I just don't get it, why doesn't Amazon's S3 service help simple file sharing apps?
I'd like about 5 gigs of movies and pictures. F T P and regular Web browsing of directories is sufficient. Simple web based authentication would be nice but not necessary as security through obscurity will work.
The docs were suprisingly poorly laid out. The S3 home page leads to the Resource Centre. This is a confusing page that lists 4 featured resources (the unuseful for me c# library, running Hadoop MapReduce on EC2 and S3, Automated Server Pool Management in Java, and S3 from Amazon EC2 with Ruby), 3 buttons for Getting Started, Latest Release Notes and Latest Tech. Docs, a sidebox with latest resources containing 4 items, another sidebox for Popular Resources that had 4 items that seemed to be dups of the featured and the latest resources, and finally a strange browse bottom box. What's with all the confusing links?
Browsers can retrieve files if they are given the exact URI for the file. Web browsers don't work well with browsing S3. You have to create a page that lists all the files in the bucket. It seems silly to have to write a script to do this.
I'm quite surprised there's no Ajax clients for uploading or browsing the files, either supplied by Amazon or 3rd parties. Maybe it has to do with security of storing the secret key..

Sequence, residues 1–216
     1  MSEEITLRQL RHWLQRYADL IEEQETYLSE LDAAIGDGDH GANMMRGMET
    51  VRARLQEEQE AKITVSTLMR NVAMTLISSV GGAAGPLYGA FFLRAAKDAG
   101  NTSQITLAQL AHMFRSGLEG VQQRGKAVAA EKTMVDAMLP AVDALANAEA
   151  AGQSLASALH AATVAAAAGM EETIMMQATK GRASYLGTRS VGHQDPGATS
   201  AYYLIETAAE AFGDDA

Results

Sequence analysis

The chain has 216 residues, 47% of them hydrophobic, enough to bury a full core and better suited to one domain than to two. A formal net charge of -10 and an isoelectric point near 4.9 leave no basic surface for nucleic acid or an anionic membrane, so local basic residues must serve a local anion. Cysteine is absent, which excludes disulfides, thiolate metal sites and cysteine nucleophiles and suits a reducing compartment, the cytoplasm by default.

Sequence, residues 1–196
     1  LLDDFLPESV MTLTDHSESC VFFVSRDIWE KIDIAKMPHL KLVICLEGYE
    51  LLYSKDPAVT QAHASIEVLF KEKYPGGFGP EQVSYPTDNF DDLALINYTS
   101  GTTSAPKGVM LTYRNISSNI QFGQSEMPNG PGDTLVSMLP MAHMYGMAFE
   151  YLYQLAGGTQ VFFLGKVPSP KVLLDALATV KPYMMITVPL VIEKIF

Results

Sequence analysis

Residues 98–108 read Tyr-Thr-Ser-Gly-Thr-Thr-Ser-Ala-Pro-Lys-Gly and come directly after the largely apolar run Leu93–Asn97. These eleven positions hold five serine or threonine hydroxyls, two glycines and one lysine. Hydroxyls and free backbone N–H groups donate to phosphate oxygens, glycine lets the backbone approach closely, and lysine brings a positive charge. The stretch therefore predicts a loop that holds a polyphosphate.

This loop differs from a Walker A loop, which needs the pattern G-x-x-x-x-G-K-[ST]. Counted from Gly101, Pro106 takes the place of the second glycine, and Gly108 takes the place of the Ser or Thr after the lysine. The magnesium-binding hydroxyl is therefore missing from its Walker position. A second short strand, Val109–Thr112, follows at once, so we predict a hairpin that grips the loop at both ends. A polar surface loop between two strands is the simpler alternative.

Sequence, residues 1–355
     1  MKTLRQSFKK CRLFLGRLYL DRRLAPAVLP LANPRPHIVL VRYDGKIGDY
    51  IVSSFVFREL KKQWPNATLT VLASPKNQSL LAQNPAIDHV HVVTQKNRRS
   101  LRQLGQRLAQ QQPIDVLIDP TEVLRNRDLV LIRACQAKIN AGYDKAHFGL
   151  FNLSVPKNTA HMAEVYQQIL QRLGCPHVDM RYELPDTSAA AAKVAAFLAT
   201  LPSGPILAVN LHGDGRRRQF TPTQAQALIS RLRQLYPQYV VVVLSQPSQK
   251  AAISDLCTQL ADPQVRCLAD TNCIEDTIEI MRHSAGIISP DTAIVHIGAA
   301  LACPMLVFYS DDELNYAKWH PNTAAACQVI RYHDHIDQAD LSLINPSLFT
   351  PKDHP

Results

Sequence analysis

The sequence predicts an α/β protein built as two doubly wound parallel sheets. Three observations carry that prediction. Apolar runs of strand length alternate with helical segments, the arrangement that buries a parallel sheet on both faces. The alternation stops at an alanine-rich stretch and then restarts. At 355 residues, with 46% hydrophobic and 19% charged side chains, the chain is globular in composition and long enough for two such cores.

Super Flexible File Synchronizer, one of my favourite programs, worked perfectly with S3. Only problem is that it required purchasing a pro account.
S3Fox, a plug-in for Firefox, is the best of the programs available. Works very well and intuitively.
Jungle Disk Monitor has a decent interface. The architecture of making the S3 bucket look like a drive is pretty cool. Some big downsides though. It can't work with a precreated bucket as it has it's on bucket naming convention. Why does it have to duplicate all the data that is uploaded? umm, I want to remove things from the hard-drive, not add them.
Bucket Explorer has a confusing interface. It was very powerful though.
The REST API was clearly not intended for Browser-centric interactions. You really need to use the provided class libraries. The eclipse plug-in worked like a charm.
I understand the need for security, but why not use SSL + regular HTTP Authentication? A simple upload form like every photo or movie site seems very simple. I imagine it's security and SSL cost concerns but I'd pay for SSL upload and regular HTTP download.
Update: I just found a post on using ajax and dojo to do file upload to S3